Wednesday, January 14, 2015

This Time Tomorrow: A World War One Novel by Rupert Colley

Rating: ★ ★ ☆ ☆ ☆
Obtained from: Personal Kindle Library
Read: January 12, 2015

Two brothers. One woman. A nation at war. A compelling story of war, brotherly love, romance and betrayal during World War One. Vast in scope and intimate in the portrayal of three lives swept along by circumstances, 'This Time Tomorrow' moves from the drawing rooms of Edwardian London to the trenches of the Western Front and to the uncertainty of post-war Britain. When Guy Searight volunteers to fight with the British army in the early days of World War One, he leaves behind his girlfriend, Mary. While away fighting, Guy’s younger brother, Jack, seizes an opportunity to woo Mary for himself. Forthright and self assured, Guy has always looked out for his confident but frail brother and blithely promises his fretting mother that he’ll look out for him when Jack’s turn comes to join up. But embittered by Jack’s betrayal, Guy vows that when Jack has to face the horrors of war for himself, he won’t be there to look after him. When the brothers are reunited in the trenches of the Western Front, their thoughts are both with Mary. As Jack buckles under the strain of war, can Guy sustain his anger and allow his brother to suffer alone? A shocking event, catastrophic in its intensity and barbaric in its conclusion, forces Guy to re-evaluate his relationship with his brother, with Mary and ultimately himself. This Time Tomorrow: a World War One novel is a tale of love, loss and longing. 

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Rupert Colley's This Time Tomorrow was in impulse buy. I love war era fiction and despite its similarity to Private Peaceful, I thought the romantic story line had potential. The novel had a number of good reviews and I was genuinely optimistic going in which is probably why I fell so hard when the execution proved impossibly disappointing. 

Several reviews cited intense emotional drama and well-rounded characters, but I recognized neither between these pages. Take for example, Mary and Guy's relationship. The novel hinges on this affair, but the two are together only a few short paragraphs before Searight leaves for the trenches. Colley denies readers the opportunity to embrace this connection so there is no reason to get worked up when Mary is snogging Jack a few pages on. This happens over and over throughout the novel. The audience is told what the characters are feeling, but never experiences the development of those emotions. The end result lacks depth and appeared exceedingly superficial.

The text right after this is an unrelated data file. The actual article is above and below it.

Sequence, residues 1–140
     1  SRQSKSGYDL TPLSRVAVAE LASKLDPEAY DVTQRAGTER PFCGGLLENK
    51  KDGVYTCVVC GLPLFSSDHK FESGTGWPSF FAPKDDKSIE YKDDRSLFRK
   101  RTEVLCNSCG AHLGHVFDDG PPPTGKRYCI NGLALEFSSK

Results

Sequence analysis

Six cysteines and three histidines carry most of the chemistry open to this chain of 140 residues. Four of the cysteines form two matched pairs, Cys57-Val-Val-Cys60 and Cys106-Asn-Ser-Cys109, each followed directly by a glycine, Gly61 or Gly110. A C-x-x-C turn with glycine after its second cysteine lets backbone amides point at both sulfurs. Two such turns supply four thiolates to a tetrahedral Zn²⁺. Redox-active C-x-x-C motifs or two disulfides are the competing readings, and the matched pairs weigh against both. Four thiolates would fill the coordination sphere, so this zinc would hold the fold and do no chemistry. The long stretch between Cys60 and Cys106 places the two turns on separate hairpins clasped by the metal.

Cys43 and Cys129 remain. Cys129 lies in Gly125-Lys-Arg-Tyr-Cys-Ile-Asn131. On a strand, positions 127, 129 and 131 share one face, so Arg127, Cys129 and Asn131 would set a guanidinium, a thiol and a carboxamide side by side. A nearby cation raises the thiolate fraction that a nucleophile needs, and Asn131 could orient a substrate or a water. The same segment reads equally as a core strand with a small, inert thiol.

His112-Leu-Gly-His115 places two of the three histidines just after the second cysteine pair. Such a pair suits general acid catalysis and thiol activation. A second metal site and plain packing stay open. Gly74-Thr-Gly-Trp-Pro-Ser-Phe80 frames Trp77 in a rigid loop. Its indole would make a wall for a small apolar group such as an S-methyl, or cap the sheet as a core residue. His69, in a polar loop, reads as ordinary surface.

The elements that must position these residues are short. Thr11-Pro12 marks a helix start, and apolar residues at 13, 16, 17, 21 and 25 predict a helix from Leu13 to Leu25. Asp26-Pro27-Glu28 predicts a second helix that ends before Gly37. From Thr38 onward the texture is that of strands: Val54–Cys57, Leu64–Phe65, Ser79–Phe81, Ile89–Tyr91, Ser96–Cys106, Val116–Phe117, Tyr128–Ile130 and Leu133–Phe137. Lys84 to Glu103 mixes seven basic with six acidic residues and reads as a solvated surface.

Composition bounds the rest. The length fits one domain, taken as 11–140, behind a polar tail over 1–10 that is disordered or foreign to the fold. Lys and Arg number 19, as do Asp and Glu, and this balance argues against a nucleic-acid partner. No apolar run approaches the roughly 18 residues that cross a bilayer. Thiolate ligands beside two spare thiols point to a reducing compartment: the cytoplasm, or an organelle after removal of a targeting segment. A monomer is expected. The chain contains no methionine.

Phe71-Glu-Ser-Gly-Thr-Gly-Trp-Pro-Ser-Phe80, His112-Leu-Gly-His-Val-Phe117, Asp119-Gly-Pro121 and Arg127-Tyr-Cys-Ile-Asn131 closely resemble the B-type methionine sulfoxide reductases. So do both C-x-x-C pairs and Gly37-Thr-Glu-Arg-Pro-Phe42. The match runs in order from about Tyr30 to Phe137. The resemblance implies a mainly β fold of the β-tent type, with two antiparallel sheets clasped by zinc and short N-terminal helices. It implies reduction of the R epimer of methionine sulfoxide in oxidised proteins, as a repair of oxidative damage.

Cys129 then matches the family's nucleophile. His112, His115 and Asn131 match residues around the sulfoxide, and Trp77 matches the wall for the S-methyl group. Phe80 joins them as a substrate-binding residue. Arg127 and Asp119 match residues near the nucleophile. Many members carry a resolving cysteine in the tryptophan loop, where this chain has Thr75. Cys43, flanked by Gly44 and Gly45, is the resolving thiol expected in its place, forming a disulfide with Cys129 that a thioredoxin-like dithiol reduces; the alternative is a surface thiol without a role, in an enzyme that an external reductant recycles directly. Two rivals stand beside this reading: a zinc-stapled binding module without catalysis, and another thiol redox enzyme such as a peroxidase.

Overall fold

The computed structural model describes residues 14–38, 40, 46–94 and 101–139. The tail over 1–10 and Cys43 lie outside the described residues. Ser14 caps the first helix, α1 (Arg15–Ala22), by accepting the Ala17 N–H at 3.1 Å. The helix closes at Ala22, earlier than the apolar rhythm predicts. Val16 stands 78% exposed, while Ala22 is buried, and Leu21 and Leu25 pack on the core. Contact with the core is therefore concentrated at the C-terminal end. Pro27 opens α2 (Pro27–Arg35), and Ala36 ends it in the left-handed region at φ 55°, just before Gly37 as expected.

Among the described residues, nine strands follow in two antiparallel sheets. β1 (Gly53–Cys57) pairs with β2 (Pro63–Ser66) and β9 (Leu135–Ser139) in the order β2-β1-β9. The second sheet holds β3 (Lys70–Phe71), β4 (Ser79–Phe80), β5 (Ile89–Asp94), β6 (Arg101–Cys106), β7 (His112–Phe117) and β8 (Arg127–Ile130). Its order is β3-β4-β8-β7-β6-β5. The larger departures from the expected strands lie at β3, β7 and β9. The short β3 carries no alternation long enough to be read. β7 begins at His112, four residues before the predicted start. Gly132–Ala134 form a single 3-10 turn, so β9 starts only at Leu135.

Colley's style was also difficult for me to get into. The narrative is very linear with little atmospheric detail or embellishment. The bones of the story are here, but it needed to be fleshed out. The narrative is also heavy with dialogue which would be fine if the conversations weren't wooden and stale. Nothing sounded genuine or authentic to my ears, a fact which greatly contributed to my lack of enthusiasm for the Searight brothers both on and off the front line. 

When all is said and done, This Time Tomorrow was a bust. Not unreadable, but not for me and not something I see myself recommending down the line. 

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For this, all of this, they had endured the hardships and depravity of war; had lived daily with indiscriminate death, pain, boredom and fear. For this, they had sacrificed so much – their youth and the illusions that come with innocence.
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